|Hugo-eligible novels I've read lately
||[Mar. 8th, 2016|09:31 pm]
Okay — for the next little while it will be Hugos all the time. (Who are we kidding: this means, like, two posts. Maybe. If I am lucky.) Hugo-eligible novels I've looked at lately:
House of Shattered Wings (Aliette de Bodard) - 3+/5. I really like de Bodard's writing, and I was actually a little scared to read this for a while because I was worried I wouldn't like her writing for a novel's length. Which… is very weird, actually. Never mind. Anyhow, I really like this book and I think it's worth reading — it's gorgeous prose, the worldbuilding of a Paris with fallen angels is gorgeous and interesting… I, uh, realized that one of the reasons I love her prose is that she uses a lot of semicolons, which I am fully on board with, but might irritate others. Occasionally there's a weird word choice. ("Nuke"? Really?) The ending was a bit understated, but apparently there are more books to come.
The Affinities (Robert Charles Wilson) - 3/5. Well, I guess it's not Wilson's fault that I've gotten really picky about my near-future SF, or that he didn't write the book I wanted to read. But when you postulate a technology that sorts people into their "affinities," groups of people with whom they immediately "click" — well, first of all, it doesn't even make sense to me that there would only be twenty-two of them (which he does address later, to his credit), and second, I think I wanted to read about how this would actually work (oh my gosh, it sounds so interesting! Partially genetic, probably, and partially behavioral…), and third, just because you click with someone doesn't mean you can trust them! (I definitely know people who click with high-drama people, for instance.) Where is the tension between people being people (good, bad, nice, obnoxious) and in an affinity? And then at the end he starts with the book I was interested in all along— what if you can target it more precisely? What does that even mean? but then the book ends. Blah!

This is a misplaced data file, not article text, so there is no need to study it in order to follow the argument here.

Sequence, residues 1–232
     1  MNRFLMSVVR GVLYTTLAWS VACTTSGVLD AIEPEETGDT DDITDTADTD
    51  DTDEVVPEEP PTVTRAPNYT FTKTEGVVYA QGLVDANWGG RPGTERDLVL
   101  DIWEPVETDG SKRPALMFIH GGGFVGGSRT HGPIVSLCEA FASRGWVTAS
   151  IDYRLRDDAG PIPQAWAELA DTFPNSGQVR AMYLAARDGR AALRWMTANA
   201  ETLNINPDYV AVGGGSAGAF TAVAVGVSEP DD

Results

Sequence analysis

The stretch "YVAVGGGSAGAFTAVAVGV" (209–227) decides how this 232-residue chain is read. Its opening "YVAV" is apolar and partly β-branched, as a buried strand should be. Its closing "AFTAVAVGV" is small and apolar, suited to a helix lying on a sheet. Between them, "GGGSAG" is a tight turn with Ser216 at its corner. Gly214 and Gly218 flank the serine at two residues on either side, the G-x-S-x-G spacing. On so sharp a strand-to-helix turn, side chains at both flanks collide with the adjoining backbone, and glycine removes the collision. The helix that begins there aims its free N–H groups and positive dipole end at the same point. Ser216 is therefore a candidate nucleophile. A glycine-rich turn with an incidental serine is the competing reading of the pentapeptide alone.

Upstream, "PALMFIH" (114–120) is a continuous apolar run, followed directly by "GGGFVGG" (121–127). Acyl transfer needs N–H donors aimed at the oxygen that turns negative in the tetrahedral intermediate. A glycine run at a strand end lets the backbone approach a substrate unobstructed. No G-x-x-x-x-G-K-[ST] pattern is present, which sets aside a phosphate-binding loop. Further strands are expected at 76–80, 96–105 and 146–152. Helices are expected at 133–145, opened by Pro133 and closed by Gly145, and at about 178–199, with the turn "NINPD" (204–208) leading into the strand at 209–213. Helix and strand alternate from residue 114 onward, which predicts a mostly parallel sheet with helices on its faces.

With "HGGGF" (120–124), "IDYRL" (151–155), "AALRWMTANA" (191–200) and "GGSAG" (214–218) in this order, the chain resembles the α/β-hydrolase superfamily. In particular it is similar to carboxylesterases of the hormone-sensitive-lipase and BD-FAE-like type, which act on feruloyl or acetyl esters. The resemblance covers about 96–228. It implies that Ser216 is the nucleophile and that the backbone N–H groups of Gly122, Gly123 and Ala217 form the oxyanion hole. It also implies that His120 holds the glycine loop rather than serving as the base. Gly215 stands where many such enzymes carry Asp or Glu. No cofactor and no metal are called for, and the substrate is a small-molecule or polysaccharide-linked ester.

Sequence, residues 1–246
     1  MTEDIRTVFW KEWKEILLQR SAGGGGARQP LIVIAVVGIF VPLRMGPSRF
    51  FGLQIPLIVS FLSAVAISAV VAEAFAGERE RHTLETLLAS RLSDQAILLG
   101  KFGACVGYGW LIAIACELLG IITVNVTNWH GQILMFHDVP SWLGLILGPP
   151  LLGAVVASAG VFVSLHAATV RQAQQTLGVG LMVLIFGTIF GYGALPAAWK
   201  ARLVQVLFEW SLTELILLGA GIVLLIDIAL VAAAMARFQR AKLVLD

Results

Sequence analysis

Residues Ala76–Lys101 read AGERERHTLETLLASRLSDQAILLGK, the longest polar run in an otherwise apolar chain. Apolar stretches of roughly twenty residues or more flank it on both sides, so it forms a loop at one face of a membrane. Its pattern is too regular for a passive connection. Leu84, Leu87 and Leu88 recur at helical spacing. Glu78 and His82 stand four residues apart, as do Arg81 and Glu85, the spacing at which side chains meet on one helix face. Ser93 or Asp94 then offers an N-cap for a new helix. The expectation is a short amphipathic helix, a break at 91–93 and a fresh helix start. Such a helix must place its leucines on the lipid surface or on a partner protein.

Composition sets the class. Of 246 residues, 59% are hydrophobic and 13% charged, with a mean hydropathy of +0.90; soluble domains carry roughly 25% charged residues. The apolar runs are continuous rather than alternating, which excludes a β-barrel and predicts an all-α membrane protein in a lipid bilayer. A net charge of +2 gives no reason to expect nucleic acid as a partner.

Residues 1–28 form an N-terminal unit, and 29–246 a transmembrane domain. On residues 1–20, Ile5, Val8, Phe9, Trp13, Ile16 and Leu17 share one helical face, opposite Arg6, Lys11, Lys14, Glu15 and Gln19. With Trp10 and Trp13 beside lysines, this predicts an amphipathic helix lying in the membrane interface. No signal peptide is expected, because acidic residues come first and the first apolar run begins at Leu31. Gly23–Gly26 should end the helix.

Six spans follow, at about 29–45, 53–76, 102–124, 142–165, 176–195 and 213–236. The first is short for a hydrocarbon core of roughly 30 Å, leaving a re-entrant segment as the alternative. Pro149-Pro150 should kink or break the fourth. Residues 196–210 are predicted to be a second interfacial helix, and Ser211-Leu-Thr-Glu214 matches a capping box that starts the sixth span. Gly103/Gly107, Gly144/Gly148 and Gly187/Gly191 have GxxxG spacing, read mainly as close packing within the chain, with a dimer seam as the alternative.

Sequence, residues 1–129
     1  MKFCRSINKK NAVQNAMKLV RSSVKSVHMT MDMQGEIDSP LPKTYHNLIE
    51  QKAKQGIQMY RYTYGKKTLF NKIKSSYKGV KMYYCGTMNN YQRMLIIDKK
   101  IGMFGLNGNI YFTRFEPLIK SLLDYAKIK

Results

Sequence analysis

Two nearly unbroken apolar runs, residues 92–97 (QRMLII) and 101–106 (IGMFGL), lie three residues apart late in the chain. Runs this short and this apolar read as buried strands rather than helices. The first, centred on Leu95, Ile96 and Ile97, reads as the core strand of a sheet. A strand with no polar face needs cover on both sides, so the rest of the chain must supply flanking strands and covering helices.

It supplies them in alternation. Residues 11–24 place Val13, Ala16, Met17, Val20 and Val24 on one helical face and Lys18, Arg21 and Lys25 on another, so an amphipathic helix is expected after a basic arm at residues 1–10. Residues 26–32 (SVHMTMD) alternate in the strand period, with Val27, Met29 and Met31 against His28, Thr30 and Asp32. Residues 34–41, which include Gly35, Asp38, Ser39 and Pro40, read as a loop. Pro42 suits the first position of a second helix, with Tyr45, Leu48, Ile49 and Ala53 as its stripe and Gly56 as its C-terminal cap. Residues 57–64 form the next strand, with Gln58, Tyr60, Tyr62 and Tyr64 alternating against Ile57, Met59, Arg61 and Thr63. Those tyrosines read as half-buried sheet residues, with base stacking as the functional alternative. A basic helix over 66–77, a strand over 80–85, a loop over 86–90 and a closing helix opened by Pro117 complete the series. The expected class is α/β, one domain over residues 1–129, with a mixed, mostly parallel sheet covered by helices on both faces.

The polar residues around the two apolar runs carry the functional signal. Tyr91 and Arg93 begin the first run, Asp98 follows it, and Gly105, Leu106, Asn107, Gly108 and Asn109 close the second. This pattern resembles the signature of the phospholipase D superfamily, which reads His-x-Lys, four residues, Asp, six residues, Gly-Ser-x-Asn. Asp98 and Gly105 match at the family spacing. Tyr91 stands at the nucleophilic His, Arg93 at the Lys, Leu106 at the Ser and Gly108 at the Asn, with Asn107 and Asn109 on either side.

The Just City (Jo Walton) - 3+/5. OMG this was SUCH a cool book. Athena puts together (through time-traveling) a bunch of people who want to live Plato's Republic. It is a whole bunch of handwaving to get to the thought experiment (no, seriously, complete with Greek gods with time-travel powers and really smart robots) and then a lot of working out of the thought experiment through in-text debates and then Sokrates shows up and
annoysdebates the heck out of everyone — and, like, it's not really about plot or characters (although there are some, they are not the focus) and there are seventy zillion people I would never recommend this to because they would hate it, but I got such a huge kick out of it because working out of thought experiments is so much fun for me — and this is exactly the sort of thought-provoking thinky book that I am excited about nominating for the Hugo. I also highly recommend this article about Plato's Republic and Just City if you, like me, are a philistine who hasn't read Plato.